Black race strongly associated with the composite outcome of death and major amputation at one year
WEDNESDAY, Aug. 10, 2022 (HealthDay News) — Black adults have higher population-level incidence of peripheral endovascular intervention (PVI) and are more likely to experience adverse events after PVI, according to a study published in the July 19 issue of Circulation.
Noting that PVI is the primary revascularization strategy for peripheral artery disease (PAD), Anna K. Krawisz, M.D., from the Beth Israel Deaconess Medical Center in Boston, and colleagues examined data from fee-for-service Medicare beneficiaries aged 66 years and older from 2016 to 2018 to examine the incidences of femoropopliteal PVI among Black and White adults. The composite outcome was death and major amputation within one year of PVI.
The researchers found that Black and White beneficiaries underwent 928 and 530 PVIs per 100,000 beneficiaries, respectively. Compared with White adults, Black adults who underwent PVI were younger, were more likely to be female, and had a higher burden of diabetes, chronic kidney disease, and heart failure. Black adults were more likely than White adults to undergo PVI for chronic limb-threatening ischemia (61.0 versus 49.9 percent). Black race was strongly associated with the composite outcome at one year. After adjustment for socioeconomic status, the association persisted, but it was eliminated after adjustment for comorbidities.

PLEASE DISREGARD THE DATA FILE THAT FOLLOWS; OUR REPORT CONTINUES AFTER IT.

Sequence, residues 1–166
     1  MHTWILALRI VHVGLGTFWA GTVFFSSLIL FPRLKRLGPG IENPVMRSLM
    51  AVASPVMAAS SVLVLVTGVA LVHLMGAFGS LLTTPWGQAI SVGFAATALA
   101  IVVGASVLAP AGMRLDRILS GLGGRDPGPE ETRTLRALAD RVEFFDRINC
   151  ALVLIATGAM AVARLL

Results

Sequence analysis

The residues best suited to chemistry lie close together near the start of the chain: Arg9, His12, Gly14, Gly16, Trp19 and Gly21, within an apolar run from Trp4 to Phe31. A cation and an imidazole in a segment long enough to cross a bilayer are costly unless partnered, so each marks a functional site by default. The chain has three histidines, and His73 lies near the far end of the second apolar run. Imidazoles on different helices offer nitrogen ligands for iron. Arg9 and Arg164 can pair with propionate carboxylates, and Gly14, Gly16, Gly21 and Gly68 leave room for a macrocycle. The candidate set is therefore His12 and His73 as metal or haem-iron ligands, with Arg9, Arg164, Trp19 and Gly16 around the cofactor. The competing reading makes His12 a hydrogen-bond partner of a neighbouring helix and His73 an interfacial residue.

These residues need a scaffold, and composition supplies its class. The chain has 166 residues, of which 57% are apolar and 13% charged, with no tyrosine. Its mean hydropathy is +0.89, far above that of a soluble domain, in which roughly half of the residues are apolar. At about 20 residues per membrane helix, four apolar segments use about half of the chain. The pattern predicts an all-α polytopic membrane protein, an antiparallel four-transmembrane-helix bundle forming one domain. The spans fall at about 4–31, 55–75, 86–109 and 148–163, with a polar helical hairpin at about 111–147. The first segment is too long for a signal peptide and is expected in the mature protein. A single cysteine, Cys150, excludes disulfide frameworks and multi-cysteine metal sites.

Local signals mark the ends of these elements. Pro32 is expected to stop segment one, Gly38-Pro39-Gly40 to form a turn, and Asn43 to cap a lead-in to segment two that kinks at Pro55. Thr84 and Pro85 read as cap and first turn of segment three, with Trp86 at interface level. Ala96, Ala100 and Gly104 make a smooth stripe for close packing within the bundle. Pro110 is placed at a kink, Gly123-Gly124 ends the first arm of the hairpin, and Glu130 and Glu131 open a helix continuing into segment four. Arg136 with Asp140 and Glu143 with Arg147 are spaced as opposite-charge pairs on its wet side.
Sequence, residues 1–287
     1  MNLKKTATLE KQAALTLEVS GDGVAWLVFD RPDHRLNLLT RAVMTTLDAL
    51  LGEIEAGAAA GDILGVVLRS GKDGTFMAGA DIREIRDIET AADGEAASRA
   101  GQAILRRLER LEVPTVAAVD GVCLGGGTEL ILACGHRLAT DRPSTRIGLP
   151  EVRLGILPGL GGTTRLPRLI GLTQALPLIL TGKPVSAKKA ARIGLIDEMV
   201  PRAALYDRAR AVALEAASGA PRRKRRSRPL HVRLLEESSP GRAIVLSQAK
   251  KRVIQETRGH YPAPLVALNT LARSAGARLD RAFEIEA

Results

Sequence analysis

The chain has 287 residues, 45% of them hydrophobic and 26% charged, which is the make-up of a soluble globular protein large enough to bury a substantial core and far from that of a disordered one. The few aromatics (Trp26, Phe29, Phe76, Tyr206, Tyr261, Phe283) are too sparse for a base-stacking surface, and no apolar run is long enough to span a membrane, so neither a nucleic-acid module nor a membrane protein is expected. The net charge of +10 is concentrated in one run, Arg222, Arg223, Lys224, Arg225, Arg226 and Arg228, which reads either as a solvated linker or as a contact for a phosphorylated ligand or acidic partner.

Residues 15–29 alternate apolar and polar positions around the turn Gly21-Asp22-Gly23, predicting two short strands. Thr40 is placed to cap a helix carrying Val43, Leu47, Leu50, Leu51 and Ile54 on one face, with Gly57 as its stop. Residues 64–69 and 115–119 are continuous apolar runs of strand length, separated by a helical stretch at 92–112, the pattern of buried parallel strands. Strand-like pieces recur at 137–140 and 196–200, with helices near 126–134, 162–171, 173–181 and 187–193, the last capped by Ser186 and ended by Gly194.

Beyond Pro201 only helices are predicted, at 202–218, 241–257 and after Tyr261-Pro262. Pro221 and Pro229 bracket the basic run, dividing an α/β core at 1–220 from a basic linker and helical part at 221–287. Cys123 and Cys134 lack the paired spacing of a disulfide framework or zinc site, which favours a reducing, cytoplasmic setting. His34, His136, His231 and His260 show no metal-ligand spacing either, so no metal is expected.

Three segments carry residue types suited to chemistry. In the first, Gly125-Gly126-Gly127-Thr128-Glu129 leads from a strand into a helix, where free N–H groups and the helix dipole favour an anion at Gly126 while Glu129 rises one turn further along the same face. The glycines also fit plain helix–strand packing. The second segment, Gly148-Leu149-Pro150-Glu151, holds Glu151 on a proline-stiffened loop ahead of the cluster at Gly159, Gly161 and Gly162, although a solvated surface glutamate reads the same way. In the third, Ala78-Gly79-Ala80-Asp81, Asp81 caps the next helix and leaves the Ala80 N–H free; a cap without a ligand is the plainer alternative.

“This analysis emphasizes the critical need for increased clinical and health system efforts targeting the Black population to reduce the downstream effects of a higher prevalence of PAD and more advanced PAD and a greater likelihood of major amputation or death after PVI in the Black population relative to the White population,” the authors write.
Several authors disclosed financial ties to the pharmaceutical and medical device industries.
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